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Throwing some more titles on the table of negotiations, to make things more perplexed (at least for the author of this thread), I may add Poulenc's Gloria (a magnificent, concise and very meaningful musicwise Choral masterwork) along with Liszt's Christus (a very long but quite unorthodox musically choral work that goes beyond where anyone could expect) and plenty of the wonderful music for the Nativity, like the so elegant, refine and even sublime L' Enfance duChrist by Berlioz (an unbelievably quite, almost subliminal oratorio from the master of...noise and bombastic orchestration).
The list can go on, but let's spare the tolerance of our new friend in this forum.
No, keep them coming, I'm getting quite giddy just reading them.
Igor Stravinsky: Symphony of Psalms (1930)
I may add Poulenc's Gloria
I may add Poulenc's Gloria
Wonderful music Parla along with his Stabat Mater and Sept Chansons.
Whitacre was mentioned and yes he's flavour of the month and so is Paul Mealor sung by Tennebrae. Both are beutifully recorded composers that are very easy to get hooked on.
Pause for thought.
Inspired by Mark’s advocacy for the period, I listened again to Josquin’s Missa La sol fa re this morning. Very pleasant stuff, wonderfully sung and recorded (the famous Mr. Bear) on Gimell, and I think I’m slowly beginning to appreciate Renaissance music. When I put on Haydn’s Schopfungsmesse (the old Guest recording) immediately afterwards, though, it sent shivers up my spine and, not for the first time, I was impacted by the difference between music you admire/respect/enjoy, and music you love.
What falls into those two categories differs from person to person of course because we’re all wired differently, but I’m sure everyone understands that distinction.
When we got to the resurrexit of the Credo it was drilled into me, for the umpteenth time, that any claims I might make to refinement of taste are totally bogus. I can never hear the words ‘tertia die’, at least as sung by the boys of St. John’s College, without substituting Ossie Ardiles. Reminds me of that old saw about the definition of a music snob being someone who can hear the William Tell Overture without thinking of the Lone Ranger.
A friend o mind reckons I should listen to Scarlattis stabat mater. I checked on amazon but there be two Scarlattis, Domenico and his wife Alexandra. I don't know which is the best one to go for as one has no music, that caarnt be right can it ?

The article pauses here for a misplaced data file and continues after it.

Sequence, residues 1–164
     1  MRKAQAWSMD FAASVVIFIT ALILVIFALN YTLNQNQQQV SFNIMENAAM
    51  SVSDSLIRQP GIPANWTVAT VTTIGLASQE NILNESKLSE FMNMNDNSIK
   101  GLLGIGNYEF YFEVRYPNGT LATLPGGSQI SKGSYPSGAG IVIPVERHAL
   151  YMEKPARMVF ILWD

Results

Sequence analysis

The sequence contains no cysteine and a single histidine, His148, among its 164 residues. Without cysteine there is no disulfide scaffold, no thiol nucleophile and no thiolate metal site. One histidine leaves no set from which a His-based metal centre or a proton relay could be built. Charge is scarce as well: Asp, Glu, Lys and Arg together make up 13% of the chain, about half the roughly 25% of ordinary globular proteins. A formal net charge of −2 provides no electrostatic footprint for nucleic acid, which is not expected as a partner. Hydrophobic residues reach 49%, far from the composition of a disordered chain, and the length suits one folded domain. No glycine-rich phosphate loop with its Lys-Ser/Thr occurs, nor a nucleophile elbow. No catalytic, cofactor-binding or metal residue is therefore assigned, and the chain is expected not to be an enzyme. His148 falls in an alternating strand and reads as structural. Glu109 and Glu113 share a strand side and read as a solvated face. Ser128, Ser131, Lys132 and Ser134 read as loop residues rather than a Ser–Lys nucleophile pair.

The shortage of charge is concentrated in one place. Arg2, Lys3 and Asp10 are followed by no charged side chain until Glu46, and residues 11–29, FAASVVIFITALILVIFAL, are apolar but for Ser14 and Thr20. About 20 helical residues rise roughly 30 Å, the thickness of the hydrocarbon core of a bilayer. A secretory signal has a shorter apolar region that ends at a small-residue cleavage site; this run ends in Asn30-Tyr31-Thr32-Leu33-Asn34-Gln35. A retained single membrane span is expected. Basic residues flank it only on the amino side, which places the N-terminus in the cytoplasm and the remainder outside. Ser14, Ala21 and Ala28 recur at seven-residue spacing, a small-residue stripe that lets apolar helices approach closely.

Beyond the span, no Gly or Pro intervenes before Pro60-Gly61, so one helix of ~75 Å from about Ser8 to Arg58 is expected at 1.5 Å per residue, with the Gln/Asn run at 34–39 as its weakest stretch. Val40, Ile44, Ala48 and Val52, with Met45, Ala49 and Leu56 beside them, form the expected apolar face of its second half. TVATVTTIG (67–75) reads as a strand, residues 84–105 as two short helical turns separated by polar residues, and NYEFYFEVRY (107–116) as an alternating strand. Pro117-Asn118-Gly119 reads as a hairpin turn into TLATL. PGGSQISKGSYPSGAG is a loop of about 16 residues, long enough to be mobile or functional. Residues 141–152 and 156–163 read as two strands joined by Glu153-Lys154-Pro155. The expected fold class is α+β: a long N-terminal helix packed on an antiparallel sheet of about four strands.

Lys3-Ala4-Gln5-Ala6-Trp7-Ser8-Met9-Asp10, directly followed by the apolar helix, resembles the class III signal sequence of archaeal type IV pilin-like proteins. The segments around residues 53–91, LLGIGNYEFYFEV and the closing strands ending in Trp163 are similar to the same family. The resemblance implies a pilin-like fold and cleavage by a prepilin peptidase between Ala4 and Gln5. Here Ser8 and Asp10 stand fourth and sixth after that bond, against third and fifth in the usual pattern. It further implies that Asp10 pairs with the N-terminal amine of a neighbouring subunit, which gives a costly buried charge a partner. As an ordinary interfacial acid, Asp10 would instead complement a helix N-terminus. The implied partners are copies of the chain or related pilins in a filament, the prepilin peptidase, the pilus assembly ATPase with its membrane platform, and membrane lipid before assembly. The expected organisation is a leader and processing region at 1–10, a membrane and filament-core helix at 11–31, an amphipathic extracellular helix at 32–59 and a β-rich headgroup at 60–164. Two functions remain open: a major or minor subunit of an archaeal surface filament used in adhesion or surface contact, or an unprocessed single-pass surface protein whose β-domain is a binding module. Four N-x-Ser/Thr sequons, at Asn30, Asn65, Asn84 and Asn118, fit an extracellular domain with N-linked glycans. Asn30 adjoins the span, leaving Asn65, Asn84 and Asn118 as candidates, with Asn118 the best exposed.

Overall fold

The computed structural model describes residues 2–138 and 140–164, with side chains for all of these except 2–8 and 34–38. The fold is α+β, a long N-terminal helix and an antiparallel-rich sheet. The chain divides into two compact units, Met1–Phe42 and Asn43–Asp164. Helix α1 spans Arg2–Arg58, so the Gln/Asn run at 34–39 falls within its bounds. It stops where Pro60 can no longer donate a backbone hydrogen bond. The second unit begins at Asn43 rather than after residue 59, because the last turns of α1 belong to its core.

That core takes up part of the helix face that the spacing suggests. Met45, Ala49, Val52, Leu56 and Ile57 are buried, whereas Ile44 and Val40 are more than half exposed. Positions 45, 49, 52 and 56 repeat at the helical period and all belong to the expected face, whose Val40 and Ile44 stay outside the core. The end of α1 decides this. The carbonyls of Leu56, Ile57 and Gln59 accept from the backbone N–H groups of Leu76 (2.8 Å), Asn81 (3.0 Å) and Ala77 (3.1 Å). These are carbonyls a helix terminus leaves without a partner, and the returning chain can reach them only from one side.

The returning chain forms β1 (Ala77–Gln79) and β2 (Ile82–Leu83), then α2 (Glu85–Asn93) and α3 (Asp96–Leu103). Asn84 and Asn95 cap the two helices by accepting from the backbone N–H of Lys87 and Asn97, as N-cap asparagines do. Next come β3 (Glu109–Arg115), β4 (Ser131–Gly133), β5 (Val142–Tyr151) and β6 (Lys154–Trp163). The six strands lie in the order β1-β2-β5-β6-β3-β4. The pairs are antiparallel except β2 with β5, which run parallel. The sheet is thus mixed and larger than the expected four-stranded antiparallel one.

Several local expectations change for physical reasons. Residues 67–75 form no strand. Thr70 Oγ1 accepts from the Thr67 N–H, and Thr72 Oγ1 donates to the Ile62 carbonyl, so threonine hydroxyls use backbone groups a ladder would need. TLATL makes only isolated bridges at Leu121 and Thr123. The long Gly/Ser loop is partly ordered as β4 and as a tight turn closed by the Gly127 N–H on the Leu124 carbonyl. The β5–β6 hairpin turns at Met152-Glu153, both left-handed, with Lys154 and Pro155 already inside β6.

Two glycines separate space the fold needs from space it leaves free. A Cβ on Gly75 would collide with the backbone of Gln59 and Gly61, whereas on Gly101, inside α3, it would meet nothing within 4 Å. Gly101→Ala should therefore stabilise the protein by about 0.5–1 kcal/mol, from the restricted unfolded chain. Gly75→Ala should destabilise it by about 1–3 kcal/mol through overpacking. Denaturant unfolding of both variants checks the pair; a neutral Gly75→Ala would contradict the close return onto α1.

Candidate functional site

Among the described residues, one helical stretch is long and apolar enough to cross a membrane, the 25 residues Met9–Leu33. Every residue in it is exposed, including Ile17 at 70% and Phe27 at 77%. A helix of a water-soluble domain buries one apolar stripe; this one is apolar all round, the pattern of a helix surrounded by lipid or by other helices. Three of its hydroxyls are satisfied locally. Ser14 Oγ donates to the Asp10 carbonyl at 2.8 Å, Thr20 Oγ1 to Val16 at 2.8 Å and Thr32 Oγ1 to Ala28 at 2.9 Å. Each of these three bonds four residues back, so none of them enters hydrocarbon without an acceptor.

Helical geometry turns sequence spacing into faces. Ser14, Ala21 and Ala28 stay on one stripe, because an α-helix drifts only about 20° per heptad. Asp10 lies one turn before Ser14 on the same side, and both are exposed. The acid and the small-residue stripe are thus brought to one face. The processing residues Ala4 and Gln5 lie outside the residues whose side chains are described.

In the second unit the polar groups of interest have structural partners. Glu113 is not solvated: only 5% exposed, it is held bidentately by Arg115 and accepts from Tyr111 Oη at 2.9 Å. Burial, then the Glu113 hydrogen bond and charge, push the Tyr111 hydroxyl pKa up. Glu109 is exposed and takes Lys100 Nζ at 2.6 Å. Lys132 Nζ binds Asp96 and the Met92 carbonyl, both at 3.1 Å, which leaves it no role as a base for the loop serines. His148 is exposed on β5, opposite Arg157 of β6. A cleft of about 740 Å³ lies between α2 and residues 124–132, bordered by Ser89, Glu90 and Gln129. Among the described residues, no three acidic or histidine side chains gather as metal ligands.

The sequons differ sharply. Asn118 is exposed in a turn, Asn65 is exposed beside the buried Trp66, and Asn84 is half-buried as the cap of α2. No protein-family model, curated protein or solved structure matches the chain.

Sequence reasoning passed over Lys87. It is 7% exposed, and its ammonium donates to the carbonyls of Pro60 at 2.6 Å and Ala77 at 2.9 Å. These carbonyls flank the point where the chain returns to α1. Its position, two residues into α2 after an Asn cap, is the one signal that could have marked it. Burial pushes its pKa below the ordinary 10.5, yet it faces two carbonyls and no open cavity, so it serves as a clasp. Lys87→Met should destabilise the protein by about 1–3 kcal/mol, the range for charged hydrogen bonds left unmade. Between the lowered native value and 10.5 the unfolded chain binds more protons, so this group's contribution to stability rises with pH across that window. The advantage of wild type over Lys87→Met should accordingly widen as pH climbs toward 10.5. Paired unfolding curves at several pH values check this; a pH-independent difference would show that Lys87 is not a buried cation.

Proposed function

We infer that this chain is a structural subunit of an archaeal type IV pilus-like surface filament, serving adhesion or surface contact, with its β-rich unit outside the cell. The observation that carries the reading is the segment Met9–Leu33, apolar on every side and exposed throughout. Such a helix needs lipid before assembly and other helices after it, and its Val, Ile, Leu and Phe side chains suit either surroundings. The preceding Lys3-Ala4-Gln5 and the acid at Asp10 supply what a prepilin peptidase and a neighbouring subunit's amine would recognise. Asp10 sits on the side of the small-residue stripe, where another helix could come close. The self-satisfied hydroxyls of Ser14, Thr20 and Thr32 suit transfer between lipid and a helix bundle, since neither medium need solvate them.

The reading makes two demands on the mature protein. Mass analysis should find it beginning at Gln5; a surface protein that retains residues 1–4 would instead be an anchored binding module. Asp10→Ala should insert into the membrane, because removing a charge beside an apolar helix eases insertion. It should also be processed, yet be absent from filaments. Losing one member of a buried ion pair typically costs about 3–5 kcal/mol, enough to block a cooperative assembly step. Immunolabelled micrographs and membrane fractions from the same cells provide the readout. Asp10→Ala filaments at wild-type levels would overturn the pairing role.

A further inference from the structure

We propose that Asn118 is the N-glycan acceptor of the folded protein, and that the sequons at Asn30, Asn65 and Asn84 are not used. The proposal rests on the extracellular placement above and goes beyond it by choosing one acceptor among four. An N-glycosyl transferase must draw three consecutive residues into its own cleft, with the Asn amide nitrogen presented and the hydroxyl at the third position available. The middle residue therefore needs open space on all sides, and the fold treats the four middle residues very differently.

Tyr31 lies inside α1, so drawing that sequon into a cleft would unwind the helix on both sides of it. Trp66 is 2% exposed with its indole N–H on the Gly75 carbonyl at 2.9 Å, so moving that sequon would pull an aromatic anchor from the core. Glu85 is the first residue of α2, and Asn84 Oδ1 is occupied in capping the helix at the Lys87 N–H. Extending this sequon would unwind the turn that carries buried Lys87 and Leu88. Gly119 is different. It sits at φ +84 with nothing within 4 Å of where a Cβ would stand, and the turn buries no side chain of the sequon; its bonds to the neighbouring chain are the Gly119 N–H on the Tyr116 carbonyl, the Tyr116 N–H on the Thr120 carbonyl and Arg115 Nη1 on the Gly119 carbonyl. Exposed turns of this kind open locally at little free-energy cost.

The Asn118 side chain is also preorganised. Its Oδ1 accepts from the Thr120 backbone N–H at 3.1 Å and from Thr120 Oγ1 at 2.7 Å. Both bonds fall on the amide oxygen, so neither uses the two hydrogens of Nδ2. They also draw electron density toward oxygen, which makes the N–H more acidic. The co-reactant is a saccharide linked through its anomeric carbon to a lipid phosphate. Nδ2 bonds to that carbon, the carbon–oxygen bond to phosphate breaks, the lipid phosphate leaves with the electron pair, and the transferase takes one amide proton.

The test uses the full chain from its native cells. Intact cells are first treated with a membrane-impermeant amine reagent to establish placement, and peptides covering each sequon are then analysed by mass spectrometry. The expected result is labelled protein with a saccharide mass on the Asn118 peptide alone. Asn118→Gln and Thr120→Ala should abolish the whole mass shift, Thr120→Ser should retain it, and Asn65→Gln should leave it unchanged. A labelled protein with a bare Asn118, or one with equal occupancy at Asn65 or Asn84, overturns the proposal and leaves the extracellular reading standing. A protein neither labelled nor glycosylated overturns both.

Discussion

I too have only got into choral music relatively recently. Here are my picks:
Mozart's Requiem varies a lot by performance and recording. Kertesz's Decca recording is the best I've heard.
Mahler's Symphony No. 8. A difficult work to get right, not least in simply recording the massive forces. I recommend Bertini, from his boxset, for best sound and most consistent performance (I've also heard good things about Nagano).
Bruckner's Te Deum. Barenboim's recording is one of his best.
Prokofiev's Alexander Nevsky cantata. Something a bit more modern. Abbado's recording is outstanding.
Vaughan Williams' Sea Symphony. To be honest, the less original parts of this are not so interesting, but the good parts make it a lot of fun. There are many good recordings - Haitink is the most recent I own, and it's fine.
Elgar's Music Makers. If you like Elgar's Nimrod, you should hear this work for the choral version. Andrew Davis's recording is excellent.
'Art doesn't need philosophers. It just needs to communicate from soul to soul.' Alejandro Jodorowsky
...And, if somebody wishes something original, very rare and at the same time truly interesting, give a shot for Rosetti's large-scale Oratorio Jesus in Gethsemane and the Cantata Hallelujah, both in a double CD on CPO.
An "insignificant" (unfortunately due to the vicissitudes of History and circumstances) composer of substantive skills as for the melodic ingenuity, manneristic Harmony and a good sense of originality in orchestration and the masterly use of voices in two revelatory works of truly interesting Choral Music.
Try it, for something...new...(new music is not only what is contemporary; most of the time, it's what we encounter for the first time and that's more exciting).
Very interesting Mahler events? Yes, including 2 symphonies which were
played last year. And the TOTAL number of British symphonies to be
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